Fox's Varney Imagines A Quarter Million Dropped From Labor Force
Fox Business host Stuart Varney vastly exaggerated the number of people who dropped out of the labor force in July, revealing the veteran business reporter's fundamental misunderstanding of unemployment statistics.
On August 2, the Bureau of Labor Statistics released  its monthly employment situation summary for July. The report showed non-farm payroll employment increase by 162,000 and the unemployment rate dropping  from 7.6 to 7.4 percent.
Reacting to the report on Fox News' America's Newsroom, Varney quickly cast doubt on the declining unemployment rate, claiming that it was mainly due to people dropping out of the labor force. He claimed that the rate drop was due to the fact that "240,000 people dropped out of the workforce, they just quit trying. That is how the unemployment rate came down to 7.4 percent, a quarter million people just dropped out."
Varney continued to claim that 240,000 people dropped out of the workforce on his Fox Business show, Varney & Co.
But Varney, a veteran business reporter and Fox's go-to source for parsing out economic statistics, is completely misreading the report.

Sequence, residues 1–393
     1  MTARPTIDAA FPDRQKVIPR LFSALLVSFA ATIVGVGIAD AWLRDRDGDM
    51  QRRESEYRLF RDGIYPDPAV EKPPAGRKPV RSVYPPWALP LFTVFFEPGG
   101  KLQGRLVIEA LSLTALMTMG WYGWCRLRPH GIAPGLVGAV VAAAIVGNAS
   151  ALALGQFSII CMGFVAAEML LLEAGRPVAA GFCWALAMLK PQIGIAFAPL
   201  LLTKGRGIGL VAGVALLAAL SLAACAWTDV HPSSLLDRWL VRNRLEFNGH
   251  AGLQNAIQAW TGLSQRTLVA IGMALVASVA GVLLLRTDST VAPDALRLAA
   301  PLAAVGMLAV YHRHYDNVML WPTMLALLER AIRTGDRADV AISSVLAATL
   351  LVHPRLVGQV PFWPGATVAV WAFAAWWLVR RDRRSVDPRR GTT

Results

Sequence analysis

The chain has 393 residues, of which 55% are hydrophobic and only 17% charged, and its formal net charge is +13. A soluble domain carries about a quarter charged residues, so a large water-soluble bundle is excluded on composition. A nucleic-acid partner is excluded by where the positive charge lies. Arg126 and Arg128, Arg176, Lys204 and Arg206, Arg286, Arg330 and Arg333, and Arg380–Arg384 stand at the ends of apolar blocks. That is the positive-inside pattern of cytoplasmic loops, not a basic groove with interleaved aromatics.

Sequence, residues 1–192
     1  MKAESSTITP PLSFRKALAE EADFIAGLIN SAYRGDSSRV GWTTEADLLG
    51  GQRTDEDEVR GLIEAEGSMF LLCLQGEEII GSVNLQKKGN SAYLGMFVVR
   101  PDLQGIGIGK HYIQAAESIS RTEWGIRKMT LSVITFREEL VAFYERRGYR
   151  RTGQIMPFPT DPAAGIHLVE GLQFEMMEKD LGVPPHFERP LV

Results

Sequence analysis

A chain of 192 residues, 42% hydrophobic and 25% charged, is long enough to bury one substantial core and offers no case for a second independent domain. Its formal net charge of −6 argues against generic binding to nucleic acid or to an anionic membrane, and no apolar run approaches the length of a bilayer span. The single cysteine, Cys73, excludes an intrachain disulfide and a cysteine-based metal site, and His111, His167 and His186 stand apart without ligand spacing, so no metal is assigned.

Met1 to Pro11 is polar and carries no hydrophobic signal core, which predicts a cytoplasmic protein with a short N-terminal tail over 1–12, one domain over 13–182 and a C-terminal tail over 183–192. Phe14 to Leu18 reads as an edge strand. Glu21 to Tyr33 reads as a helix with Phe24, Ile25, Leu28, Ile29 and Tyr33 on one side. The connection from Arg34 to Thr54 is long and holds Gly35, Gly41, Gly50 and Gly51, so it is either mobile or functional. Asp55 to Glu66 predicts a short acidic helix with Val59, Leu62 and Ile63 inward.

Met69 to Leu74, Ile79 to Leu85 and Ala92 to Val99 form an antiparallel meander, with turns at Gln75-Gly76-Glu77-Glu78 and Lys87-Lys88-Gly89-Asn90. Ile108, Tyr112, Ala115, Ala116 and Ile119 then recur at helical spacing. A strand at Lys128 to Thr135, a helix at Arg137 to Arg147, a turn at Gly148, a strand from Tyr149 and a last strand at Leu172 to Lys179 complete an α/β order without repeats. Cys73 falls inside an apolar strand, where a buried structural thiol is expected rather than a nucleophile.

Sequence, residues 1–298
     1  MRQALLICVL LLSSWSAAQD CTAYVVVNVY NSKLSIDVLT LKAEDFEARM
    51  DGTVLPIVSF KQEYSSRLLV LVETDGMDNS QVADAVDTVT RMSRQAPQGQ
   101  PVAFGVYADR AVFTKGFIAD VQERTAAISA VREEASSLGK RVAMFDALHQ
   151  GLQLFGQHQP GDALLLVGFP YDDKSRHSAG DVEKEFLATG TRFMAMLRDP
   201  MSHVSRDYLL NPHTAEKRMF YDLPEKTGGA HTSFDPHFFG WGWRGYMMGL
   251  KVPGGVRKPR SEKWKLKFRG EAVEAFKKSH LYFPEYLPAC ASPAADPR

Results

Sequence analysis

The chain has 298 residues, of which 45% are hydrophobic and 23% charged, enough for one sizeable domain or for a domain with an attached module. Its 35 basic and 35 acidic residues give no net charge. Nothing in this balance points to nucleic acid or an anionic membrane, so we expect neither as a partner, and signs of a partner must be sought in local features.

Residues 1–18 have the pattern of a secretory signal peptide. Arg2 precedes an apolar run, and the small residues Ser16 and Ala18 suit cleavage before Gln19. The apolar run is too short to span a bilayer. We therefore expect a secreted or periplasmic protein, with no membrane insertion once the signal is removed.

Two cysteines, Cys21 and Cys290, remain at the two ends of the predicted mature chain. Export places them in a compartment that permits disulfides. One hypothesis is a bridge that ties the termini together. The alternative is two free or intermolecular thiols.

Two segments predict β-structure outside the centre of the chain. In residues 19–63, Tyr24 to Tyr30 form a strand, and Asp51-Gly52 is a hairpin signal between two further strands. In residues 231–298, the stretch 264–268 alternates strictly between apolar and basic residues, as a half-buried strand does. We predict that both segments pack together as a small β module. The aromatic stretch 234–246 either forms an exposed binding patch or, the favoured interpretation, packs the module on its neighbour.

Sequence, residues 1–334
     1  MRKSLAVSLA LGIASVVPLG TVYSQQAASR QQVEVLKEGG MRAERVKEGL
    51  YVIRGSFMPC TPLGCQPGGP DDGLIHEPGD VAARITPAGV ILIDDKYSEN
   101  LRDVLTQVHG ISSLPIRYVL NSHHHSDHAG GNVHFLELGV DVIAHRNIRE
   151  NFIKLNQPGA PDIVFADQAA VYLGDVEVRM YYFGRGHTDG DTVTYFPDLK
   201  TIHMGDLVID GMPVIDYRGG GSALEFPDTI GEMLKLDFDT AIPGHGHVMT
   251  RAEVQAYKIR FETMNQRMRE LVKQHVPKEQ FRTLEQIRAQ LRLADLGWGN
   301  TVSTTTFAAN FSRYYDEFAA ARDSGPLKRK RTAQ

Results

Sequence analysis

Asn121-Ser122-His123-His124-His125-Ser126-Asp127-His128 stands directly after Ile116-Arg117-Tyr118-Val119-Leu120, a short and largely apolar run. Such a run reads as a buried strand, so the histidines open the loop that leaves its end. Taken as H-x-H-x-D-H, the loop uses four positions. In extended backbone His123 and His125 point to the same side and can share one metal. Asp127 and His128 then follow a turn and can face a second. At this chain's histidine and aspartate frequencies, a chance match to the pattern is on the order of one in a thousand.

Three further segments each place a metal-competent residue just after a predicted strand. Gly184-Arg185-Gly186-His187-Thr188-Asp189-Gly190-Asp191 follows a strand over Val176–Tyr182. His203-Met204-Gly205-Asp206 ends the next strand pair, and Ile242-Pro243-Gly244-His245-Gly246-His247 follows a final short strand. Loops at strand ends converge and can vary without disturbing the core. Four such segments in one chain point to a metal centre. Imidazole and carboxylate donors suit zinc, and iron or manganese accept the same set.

The statistic that Varney cites is the number of people the BLS defines as "Not in the labor force." While the number did increase by 240,000 in the month of July, this is not solely due to people dropping out of the workforce. According  to the Bureau of Labor Statistics, those "[n]ot in the labor force":
Includes persons aged 16 years and older in the civilian noninstitutional population who are neither employed nor unemployed in accordance with the definitions contained in this glossary.
The statistic includes  people who are out of the labor force for any reason -- including stay-at-home spouses, retirees, and other members of the non-institutional population that would not be typically looking for work. An additional 240,000 people in this category is not out of the norm -- additions met and exceeded this month's figure multiple times throughout the 2000s.
Furthermore, the long-term trend in the number of those not in the labor force has been rising steadily for decades, most likely due to population growth, with little to no sign of acceleration in recent years:
Claiming that this number went up solely due to labor force dropouts is flat-out wrong. The more accurate way to gauge  labor force dropouts is to look at the change of the "Civilian labor force." And while July saw a net loss  of 37,000, the number is about one-sixth the amount cited by Varney.
Furthermore, economist Peter Newland claimed that the report, while weaker than expected, should not be overstated. According to NPR :
Barclays Capital economist Peter Newland called it "a clearly weaker-than-expected report," The Associated Press reports. He adds: "But one should not overstate it -- the unemployment rate continues to trend down and average job growth of 175,000 will be more than enough to continue to push it lower."
This month's report mainly showed tepid improvement for the labor market, not a mass exodus of workers. Of course, economists have repeatedly  argued for increased spending to spur employment gains, only to be met with opposition from the likes of Fox News .